·880·social housing residents·880

·880·hostel & emergency shelter residents·880

·880·a wandering community of mentally ill·880

·880·the homeless·880

·880·street youth·880


·880·the HIV community accessing the Pacific Aids Resource Centre and Helmcken House·880

·880·youth accessing services downtown - Street Youth Services, (Family Services), Adolescent Services Unit (MHR), Street Nurses·880

·880·social assistance clients of the Seymour Street offices·880

·880·seniors, members of Second Mile Society drop-in at New Continental·880

·880·members of Downtown Granville Tenants Association·880

·880·market renters·880

·880·refugees at Welcome House on Drake Street·880

In 1991, the Planning Department was referring to a population of 2,500 in Downtown South, with growth expected to go to 11,000 by the year 2015.

We knew the Downtown South community to which the Gathering Place would appeal is a disconnected community, with many isolated residents. We also knew that Granville Street is the entry point for youth and transients migrating to Vancouver, so there would be an ongoing influx of new faces.

Two years of consultation and needs assessments indicated that for the affected Downtown South community "something like Carnegie" would include:

·880·a lowcost kitchen supporting a volunteer program·880

·880·recreational and social space·880

·880·a health centre with showers, laundry, and delousing·880

·880·a learning centre·880

·880·a reading room·880

With the assistance of the Province (funding the Health Centre) and the Vancouver School Board (funding the Learning Centre) the City was able to provide all of the services and programs requested by the community and opened quietly in March of 1995, officially in December of 1995.

Where do the members live?

For this report, addresses of patrons were a primary factor as we attempted to determine whether the Gathering Place is serving the neighbourhood residents it was set up to serve. For 1996, our first complete year as a centre, the paperwork was tedious and incomplete --400 pages of handwritten data which required the efforts of this writer and a computer consultant to interpret. In future years we will be able to provide the information more handily. For 1996 the task has been enormous.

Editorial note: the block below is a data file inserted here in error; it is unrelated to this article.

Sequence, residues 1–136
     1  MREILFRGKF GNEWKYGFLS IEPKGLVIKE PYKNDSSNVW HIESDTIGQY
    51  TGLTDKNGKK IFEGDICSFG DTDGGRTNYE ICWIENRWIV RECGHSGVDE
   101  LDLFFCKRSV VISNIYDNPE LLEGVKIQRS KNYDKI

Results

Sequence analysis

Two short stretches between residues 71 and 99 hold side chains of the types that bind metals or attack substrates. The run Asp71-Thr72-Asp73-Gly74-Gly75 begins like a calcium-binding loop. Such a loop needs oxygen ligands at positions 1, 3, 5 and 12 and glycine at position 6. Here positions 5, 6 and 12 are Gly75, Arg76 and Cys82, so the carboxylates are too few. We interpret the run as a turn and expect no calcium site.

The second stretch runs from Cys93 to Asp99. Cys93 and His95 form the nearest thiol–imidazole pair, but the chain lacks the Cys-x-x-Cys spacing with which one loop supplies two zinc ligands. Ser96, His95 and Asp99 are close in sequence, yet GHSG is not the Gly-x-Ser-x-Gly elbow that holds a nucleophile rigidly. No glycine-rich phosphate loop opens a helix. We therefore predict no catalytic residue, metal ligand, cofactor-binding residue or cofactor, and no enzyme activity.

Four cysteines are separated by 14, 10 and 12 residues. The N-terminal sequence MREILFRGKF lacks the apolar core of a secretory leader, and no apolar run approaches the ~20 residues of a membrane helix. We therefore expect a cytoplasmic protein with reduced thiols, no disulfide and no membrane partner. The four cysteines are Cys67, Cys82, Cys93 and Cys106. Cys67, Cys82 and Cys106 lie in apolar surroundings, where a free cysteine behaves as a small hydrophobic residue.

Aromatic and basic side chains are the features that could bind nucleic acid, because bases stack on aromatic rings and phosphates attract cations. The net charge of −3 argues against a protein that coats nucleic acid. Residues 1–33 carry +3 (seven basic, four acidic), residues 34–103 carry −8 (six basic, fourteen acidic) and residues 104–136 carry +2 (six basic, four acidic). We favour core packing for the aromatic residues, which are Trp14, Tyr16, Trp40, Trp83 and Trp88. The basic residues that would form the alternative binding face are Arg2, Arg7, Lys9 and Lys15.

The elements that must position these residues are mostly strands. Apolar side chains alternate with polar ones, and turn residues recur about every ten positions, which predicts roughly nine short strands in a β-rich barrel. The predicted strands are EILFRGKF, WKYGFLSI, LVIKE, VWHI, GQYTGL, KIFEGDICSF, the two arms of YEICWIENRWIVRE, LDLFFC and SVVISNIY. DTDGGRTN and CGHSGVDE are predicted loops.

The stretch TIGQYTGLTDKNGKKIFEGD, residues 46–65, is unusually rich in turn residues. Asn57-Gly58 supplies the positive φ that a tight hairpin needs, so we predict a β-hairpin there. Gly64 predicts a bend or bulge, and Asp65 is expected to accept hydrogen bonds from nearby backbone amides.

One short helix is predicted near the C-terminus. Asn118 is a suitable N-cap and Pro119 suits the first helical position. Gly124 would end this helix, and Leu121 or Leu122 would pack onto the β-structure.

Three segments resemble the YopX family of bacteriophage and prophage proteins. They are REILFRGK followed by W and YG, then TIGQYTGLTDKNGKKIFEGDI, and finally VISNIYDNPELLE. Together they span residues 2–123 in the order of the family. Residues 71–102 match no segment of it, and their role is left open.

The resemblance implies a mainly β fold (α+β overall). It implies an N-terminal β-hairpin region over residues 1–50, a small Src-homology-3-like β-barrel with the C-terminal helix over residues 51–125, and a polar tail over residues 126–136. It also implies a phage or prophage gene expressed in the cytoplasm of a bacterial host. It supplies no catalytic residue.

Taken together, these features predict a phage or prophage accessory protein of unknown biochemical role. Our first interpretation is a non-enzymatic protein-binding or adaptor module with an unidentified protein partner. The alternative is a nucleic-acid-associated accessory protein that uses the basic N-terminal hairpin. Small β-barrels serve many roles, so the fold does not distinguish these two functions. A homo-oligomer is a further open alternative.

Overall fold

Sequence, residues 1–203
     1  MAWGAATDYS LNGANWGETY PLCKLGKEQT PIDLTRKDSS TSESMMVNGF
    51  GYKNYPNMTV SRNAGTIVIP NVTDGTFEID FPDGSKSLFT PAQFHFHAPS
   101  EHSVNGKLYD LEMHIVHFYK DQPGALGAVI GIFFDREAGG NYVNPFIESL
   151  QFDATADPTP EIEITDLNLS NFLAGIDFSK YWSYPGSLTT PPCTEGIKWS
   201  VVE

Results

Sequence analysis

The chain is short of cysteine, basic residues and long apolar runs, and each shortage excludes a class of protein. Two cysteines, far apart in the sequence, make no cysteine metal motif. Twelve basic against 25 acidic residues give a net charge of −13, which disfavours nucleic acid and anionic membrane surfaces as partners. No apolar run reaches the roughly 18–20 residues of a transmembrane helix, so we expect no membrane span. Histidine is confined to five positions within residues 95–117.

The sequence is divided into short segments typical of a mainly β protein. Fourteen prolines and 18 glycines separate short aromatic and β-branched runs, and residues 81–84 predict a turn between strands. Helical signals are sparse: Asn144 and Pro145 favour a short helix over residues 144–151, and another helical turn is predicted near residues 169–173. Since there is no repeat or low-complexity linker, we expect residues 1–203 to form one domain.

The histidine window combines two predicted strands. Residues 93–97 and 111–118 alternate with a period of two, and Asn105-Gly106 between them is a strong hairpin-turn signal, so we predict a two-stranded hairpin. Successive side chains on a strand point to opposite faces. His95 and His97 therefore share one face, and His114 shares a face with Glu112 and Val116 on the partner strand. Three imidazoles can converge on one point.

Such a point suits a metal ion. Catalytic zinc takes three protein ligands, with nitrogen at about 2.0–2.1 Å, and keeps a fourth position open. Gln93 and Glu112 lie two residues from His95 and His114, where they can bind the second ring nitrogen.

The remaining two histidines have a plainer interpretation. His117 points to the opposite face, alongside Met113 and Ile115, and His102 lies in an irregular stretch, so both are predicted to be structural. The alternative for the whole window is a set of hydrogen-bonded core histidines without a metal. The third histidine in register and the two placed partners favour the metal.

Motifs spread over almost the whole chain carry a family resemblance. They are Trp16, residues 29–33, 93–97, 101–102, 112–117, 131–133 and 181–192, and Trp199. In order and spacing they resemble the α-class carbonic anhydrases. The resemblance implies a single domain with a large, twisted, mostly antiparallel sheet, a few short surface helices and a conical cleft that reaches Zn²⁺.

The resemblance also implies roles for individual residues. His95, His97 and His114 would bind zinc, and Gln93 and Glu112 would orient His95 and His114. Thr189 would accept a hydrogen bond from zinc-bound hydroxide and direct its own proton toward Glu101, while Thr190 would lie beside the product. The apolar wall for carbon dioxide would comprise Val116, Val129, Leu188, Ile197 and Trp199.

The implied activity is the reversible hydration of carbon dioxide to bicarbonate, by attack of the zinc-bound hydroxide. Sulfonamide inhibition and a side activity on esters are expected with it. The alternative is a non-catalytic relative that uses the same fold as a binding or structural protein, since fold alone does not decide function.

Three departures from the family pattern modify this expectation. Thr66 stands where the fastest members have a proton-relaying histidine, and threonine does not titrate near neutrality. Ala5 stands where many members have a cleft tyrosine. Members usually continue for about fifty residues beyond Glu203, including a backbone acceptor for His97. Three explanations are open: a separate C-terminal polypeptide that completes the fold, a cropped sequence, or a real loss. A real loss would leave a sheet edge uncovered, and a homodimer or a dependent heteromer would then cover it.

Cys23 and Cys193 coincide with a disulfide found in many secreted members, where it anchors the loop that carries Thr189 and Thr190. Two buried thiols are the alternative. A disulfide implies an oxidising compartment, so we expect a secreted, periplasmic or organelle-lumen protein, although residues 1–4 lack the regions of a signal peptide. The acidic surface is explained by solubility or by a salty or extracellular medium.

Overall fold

Members living in Downtown South

This is what we learned. In 1996, 4,446 memberships were sold, 1,142 to women and 3,304 to men, 26% women and 74% men. We do not know the ages of those patrons, but are able to capture that information on the new system. Our random survey of addresses indicates that approximately 50% of the patrons lived within the strictly defined Downtown South boundaries.

We know that the Downtown South community in 1996 held 2,592 units in SRO hotels, hostels, and social housing. Fifty percent of the Gathering Place’s 1996 membership lived in Downtown South, a total of 2,223 members. Unfortunately, it is not possible to state that the mandate of the Gathering Place is fulfilled, based on these comparative numbers. The transient factor plays a big role here, with countless patrons over the course of a year living in the same hotel room or emergency shelter address.

We know there are SRO hotel residents and social housing residents who are not accessing the Gathering Place. To reach these people we have sent our Community Programmer one day a week into neighbourhood hotels and social housing in an attempt to reach out to seniors, people over 40. Through a questionnaire, meetings, and door knocking, the Community Programmer was able to determine that indeed some older neighbourhood residents were not using the Centre. There were misunderstandings -- some people believed the Gathering Place to be a youth centre. There was alienation for some community members as they witnessed Gathering Place youth with tattoos and piercings. There was lack of information about programs for patrons over age 40. There was lack of interest -- for some community members the bar is their community centre and nothing short of draft beer on tap plus jackpot bingo would draw them into the Gathering Place.